Sunday, May 31, 2009

Test-driven development and its flavors

Someone asked me on some of my agile courses months ago that what is the difference between test-driven development and test-first programming. I guess I answered right away without much thought that these terms refer to exactly same practice. Later on I've been experimenting with different ways to do TDD and suddenly found out that there really are different flavours of TDD. These all also have their own value and purpose in sw development.

Test-driven vs. Test-first

Test-driven is the traditional strict and very disciplined approach to development. Basically it means the RED-GREEN-REFACTOR cycle where tests are written one test at a time, the simplest possible solution to make that test is implemented and finally the code is refatored.

Test-first gives us means to make some more planning and test design before implementing the solution. We might e.g. write some high-level acceptance tests, integration tests and a bunch of unit tests to see how few tightly coupled classes work. After this the production code is written in order to make those tests pass. This approach might give us an opportunity to look at a broader picture in cases where it is needed.

Development vs. Design vs. Programming

What comes to test-driven development/design/programming I feel that the development is a bit more like an umbrella term. The terms design and programming have more interesting distinction.

Test-driven design is again the more XP way to implement software. We approach the whole design by writing tests that drive our design to certain way. After each test implemented we step back and look at the design and refactor in order to improve it.

However test-driven programming is highly popular approach throughout agile community. Design can be developed in front of whiteboard with few fellow team members and after the design seems suitable for the task at hand we'll move to implementation phase. The programming is done in test-driven/-first manner but with keeping the design in mind.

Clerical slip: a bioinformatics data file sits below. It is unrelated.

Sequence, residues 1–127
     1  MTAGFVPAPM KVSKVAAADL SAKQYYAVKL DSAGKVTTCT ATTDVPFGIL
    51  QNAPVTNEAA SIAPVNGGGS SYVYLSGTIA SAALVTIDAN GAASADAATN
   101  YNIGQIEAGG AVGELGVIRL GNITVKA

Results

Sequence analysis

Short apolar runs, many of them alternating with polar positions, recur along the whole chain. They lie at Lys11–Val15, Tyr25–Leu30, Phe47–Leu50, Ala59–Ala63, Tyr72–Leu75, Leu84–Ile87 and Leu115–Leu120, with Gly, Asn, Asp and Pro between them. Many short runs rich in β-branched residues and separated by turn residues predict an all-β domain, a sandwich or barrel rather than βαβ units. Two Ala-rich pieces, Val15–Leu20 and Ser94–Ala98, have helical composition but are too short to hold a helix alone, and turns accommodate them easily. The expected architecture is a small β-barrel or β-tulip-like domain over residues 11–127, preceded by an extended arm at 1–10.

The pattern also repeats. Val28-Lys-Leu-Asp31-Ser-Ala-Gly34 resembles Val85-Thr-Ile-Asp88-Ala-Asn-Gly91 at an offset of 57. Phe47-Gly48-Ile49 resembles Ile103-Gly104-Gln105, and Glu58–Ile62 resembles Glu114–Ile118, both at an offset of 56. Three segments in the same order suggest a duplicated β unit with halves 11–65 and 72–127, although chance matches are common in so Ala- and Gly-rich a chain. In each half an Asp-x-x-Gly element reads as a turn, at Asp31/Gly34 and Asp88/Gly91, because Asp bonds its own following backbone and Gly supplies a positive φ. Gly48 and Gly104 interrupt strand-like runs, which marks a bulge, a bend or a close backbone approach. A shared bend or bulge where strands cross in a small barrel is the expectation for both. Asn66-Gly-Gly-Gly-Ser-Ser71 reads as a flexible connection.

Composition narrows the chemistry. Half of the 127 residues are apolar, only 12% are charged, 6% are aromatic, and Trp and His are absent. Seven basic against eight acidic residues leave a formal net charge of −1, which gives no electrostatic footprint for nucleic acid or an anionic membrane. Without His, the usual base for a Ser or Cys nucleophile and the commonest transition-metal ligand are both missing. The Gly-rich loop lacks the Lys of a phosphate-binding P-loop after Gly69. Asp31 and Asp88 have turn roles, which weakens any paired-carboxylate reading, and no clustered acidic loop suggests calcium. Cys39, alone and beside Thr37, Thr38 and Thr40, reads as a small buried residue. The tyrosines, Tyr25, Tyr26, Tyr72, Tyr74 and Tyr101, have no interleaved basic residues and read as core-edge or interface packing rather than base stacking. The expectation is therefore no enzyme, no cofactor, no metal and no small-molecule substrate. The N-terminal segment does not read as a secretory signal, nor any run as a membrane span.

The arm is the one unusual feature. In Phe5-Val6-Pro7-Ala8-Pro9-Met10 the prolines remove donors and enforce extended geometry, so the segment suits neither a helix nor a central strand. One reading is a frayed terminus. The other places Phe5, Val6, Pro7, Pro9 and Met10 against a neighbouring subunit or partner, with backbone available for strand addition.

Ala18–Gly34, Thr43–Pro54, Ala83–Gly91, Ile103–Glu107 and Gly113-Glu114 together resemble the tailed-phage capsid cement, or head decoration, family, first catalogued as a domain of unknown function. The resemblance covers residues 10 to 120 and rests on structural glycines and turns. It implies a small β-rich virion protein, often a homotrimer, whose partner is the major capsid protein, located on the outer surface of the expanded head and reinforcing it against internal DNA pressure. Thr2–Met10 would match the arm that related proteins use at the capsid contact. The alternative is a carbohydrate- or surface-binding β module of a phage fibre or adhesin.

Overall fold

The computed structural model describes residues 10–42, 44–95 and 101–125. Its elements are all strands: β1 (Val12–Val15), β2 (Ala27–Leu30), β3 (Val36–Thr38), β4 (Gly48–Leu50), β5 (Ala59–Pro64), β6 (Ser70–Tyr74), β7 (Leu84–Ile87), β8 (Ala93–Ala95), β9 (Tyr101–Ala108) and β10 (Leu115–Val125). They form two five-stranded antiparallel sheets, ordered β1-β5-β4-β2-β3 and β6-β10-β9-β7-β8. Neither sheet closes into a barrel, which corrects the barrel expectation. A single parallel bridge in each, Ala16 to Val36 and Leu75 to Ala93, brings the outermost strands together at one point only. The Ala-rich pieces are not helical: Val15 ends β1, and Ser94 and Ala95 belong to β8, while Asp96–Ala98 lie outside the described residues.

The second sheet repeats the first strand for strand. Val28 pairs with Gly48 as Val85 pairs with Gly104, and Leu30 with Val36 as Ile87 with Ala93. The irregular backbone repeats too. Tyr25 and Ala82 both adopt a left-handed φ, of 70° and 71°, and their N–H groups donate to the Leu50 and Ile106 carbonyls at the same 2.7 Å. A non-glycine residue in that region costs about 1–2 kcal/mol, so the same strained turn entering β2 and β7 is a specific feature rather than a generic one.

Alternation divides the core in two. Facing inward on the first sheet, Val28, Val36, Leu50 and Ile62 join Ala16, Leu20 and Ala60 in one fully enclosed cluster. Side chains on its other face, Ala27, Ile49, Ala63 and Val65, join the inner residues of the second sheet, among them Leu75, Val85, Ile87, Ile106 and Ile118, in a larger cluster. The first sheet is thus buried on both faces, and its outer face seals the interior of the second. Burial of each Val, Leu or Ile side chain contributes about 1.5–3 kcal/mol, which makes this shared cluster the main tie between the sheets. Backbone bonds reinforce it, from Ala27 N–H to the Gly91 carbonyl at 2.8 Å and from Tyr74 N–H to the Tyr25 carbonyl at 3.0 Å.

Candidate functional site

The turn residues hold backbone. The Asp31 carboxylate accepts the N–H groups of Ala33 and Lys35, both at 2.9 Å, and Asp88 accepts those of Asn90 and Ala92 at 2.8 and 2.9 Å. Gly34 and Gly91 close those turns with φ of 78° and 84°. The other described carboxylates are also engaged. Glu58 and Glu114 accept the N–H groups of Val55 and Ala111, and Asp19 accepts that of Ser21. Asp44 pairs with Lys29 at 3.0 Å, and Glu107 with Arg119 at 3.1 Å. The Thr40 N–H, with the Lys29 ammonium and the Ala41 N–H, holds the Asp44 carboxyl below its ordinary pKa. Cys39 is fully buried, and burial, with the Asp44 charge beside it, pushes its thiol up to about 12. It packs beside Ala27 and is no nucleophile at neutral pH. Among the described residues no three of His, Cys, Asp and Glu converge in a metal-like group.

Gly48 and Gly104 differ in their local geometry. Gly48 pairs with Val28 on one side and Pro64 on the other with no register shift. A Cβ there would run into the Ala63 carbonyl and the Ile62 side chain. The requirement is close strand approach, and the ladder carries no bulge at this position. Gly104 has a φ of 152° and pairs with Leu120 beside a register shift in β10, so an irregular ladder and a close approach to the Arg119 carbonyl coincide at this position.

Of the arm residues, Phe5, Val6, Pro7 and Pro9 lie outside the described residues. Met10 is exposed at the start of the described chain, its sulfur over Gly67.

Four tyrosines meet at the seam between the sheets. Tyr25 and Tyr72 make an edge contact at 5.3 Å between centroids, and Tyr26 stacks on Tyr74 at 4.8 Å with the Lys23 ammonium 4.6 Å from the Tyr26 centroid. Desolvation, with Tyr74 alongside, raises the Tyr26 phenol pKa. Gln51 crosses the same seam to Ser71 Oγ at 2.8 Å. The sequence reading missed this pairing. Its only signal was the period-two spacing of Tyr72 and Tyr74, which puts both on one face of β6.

Well, this is how I see it. How about you? Any thoughts on this?

2 comments:

  1. We use Test Driven Development in our projects.
    We drive our design with the tests. The tests often lead to braking a single class into several smaller classes (Single Responsibility Principle) due to easier testability; or to eliminating classes beause they do not incorporate any real behaviour.

    But, we do design up-front. If you do not make a coarse design before writing your first test then where do you start? You have to think of at least one interface before you are ebale to write the first test.

    While driving the development with tests, this "up-front" design is probably changed and refined. However, I think it is important to always have the coarse design in mind, otherwise it is likely that the code you just developed is clean and working but does not fit with the code your team mate wrote and that they cannot be integrated.

    Therefore, it is important to find the balance between desing up-front (we call that architecture) and driving the details of the design.

    Happy test-driving
    Urs

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  2. Good point Urs. Maybe the distinction between the desing and programming that I was looking for was something like this:

    In test-driven design we might have the architecture and an own idea on how to implement that. Then we let the tests drive our class design, design pattern usage etc.

    In test-driven programming we have created as a team or a workgroup a closer class design that fits our architecture but which is more through thought. Of course test driving this might and probably will affect the design.

    Naturally the design should be always on developers mind and in fact I think that TDD requires better design skills from developers. Fortunately it also teaches them in quite fun way.

    Br,
    Tomi

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